From Volume 6, Issue 25 of EIR Online, Published June 19, 2007
Russia and the CIS News Digest

CFE Meeting Ends Without Agreement

June 15 (EIRNS)—Russian negotiator Anatoli Antonov, chief of security and disarmament at the Russian Foreign Ministry, pronounced today's outcome of an extraordinary conference in Vienna, Austria on the Conventional Forces in Europe (CFE) treaty thoroughly "unsatisfactory." The angry Russian response to NATO's posture during the talks is widely covered in the Russian media today.

The four-day conference of signatories to the CFE was called at Russia's initiative. On the eve of the meeting, the Moscow daily Kommersant reported that the four major Russian objections to the current state of affairs remain the ones cited by President Vladimir Putin in his April 26 annual Message to the Federal Assembly. First, NATO expansion has led to a steep increase in the number of weapons allowed in the area. Second, the USA intends, in violation of the treaty, to place significant forces in Romania and Bulgaria. Third, Western countries are not meeting their obligations to speed up the ratification process. Fourth, Latvia, Lithuania, and Estonia are not participants in the treaty, despite an agreement with NATO that they should be. Russian negotiator Mikhail Ulyanov said that the present treaty, ignoring NATO's eastward expansion, prevents Russia from deploying on its flanks, e.g., in the Transcaucasus region, while the United States is setting up bases in Bulgaria and Romania.

In his April 26 message, Putin laid out the obsolete features of the CFE agreement, signed in 1990 between NATO and the Warsaw Pact, and updated in 1999. Several former Warsaw Pact members are now in NATO, including the candidates for new U.S./NATO bases. "Today," said Putin on April 26, "all that this treaty means is that we face restrictions on deploying conventional forces on our own territory." Meanwhile, there are NATO members that have not ratified the CFE and its force reduction measures, demanding that Russia complete the withdrawal of its forces from Georgia and Moldova first. Putin said that that time, "I believe that the right course of action is for Russia to declare a moratorium on its observance of this treaty until such time as all NATO members without exception ratify it and start strictly observing its provisions." If no progress were made through negotiations—such as the just-ended special conference—Putin said, "I propose that we examine the possibility of suspending our commitments under the CFE."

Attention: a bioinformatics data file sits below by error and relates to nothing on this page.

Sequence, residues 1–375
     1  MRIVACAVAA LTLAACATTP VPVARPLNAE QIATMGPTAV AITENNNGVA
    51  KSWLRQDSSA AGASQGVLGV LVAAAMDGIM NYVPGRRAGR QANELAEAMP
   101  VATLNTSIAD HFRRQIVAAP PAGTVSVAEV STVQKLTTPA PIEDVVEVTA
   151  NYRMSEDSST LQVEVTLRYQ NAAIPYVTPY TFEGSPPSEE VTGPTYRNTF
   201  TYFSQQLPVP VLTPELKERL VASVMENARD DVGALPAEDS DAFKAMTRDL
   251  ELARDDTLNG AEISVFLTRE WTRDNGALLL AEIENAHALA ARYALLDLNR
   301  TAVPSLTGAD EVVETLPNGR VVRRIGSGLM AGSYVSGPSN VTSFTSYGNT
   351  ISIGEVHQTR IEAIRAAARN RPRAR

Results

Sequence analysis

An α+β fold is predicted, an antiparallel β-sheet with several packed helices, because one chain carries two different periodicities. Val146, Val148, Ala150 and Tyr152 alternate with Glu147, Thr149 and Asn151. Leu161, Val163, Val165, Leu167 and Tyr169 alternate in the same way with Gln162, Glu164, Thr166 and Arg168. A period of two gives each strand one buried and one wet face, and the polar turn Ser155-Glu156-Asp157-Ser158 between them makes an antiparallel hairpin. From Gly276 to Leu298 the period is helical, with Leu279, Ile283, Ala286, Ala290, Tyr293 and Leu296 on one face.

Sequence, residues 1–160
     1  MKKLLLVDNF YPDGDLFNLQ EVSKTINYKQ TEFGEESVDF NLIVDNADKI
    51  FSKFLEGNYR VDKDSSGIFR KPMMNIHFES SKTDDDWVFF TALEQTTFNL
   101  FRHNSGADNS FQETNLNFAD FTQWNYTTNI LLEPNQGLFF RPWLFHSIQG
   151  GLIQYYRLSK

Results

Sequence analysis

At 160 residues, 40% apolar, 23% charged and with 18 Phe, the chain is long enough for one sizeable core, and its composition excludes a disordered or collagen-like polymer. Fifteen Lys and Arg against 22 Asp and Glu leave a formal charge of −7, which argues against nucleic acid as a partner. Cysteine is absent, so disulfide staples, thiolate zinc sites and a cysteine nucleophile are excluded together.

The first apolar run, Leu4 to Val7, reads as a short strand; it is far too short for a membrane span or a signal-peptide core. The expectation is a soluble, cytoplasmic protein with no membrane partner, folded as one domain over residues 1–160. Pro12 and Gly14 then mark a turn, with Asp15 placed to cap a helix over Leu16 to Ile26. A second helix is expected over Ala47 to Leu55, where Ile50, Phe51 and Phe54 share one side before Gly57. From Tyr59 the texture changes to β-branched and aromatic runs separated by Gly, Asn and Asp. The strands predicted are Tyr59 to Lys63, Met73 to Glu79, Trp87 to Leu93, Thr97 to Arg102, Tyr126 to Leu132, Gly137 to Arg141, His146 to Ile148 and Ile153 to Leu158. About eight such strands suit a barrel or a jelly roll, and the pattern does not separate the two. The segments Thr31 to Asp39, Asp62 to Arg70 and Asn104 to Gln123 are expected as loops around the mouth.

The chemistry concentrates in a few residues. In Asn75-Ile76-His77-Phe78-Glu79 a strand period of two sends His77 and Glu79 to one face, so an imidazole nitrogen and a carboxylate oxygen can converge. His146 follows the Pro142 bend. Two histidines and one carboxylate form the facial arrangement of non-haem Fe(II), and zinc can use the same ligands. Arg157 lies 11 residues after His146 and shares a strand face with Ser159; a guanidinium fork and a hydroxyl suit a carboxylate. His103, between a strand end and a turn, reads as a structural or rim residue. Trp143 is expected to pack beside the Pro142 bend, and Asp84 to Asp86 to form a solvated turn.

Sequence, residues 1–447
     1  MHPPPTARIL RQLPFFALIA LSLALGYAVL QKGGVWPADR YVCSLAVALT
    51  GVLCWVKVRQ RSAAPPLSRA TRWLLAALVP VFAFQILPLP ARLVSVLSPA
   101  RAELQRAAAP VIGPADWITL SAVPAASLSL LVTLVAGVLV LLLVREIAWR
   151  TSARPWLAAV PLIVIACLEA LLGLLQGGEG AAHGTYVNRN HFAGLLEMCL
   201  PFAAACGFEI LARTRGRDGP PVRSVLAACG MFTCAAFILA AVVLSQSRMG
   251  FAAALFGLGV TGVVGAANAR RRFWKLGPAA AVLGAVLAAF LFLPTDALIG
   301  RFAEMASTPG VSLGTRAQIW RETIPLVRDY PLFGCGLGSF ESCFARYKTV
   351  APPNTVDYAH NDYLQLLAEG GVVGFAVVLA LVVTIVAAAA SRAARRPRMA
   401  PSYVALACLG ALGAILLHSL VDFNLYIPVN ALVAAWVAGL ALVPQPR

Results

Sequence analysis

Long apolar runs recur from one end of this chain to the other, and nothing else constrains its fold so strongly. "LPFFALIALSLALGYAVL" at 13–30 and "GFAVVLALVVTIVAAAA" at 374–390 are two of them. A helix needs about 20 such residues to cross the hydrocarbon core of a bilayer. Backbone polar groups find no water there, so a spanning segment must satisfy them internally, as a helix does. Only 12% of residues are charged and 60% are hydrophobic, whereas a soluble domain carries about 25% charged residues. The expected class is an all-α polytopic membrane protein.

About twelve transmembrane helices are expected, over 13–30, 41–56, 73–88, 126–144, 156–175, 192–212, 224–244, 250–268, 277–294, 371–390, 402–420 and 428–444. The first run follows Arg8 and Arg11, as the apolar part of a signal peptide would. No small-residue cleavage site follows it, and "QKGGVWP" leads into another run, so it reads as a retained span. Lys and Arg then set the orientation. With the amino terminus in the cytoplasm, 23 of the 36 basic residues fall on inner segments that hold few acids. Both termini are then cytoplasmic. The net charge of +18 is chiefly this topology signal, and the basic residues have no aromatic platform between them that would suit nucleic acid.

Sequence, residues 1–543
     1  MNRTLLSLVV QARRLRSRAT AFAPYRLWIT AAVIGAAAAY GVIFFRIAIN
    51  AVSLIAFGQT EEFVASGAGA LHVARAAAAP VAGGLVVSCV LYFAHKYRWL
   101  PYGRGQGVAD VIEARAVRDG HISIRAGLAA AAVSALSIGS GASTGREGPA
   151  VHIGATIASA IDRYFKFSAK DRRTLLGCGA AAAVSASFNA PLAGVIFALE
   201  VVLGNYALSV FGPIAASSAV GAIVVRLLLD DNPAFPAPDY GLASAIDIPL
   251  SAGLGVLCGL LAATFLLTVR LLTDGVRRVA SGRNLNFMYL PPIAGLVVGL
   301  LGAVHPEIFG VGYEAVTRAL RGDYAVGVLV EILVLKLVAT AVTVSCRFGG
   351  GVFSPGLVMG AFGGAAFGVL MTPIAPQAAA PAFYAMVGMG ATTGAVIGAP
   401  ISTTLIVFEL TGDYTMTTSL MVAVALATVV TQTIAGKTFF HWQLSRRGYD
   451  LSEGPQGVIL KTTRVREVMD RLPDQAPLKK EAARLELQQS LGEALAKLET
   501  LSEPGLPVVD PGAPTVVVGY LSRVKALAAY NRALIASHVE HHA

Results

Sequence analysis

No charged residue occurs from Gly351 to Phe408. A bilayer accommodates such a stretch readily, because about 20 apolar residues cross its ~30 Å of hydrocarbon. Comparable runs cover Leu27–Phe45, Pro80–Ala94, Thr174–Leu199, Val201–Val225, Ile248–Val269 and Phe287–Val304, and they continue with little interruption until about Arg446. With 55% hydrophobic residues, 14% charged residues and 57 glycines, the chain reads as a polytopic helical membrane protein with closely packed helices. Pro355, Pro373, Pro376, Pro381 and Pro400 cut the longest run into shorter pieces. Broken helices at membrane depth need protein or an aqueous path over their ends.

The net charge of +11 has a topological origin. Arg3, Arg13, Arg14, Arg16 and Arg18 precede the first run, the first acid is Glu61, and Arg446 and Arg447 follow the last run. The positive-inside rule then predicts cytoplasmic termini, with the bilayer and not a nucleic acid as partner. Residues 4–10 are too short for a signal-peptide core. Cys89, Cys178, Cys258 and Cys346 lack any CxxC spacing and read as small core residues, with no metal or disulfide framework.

Subsequently, First Deputy Premier Sergei Ivanov stated several times, that the CFE was effectively under a freeze for the cited reasons. Today, after the conference failed to even issue a joint statement, Antonov said, "The current CFE treaty has for all intents and purposes become meaningless. It's no longer viable." He said that the NATO participants in the meeting had not listened to Russia, had "continued to admonish us," and had given plenty of "fine, polite, elegant lip service." Antonov said, "We're not reaching for the skies. We're not shooting for the moon. We're just trying to re-establish the viability of the treaty."

U.S. Deputy Secretary of State Karin Look, according to an AP wire, countered that today's Russian statements about the CFE were "Cold War rhetoric. She called the CFE "the cornerstone of security and stability in Europe," and said that Russia's complaints had been addressed "seriously and cooperatively."

Antonov said Moscow remains open to further talks. But he said Putin would "carefully analyze and ponder" the stalemate and decide what to do next. Some officials in Vienna reportedly were discussing the possibility of holding another conference on the CFE this Autumn.

See this week's InDepth for coverage of the St. Petersburg International Economic Forum, held June 8-10, "President Putin Calls for New Economic Architecture"; and for the Russian's government's war-avoidance policy, "Russia, Kazakstan Reach New Agreements."

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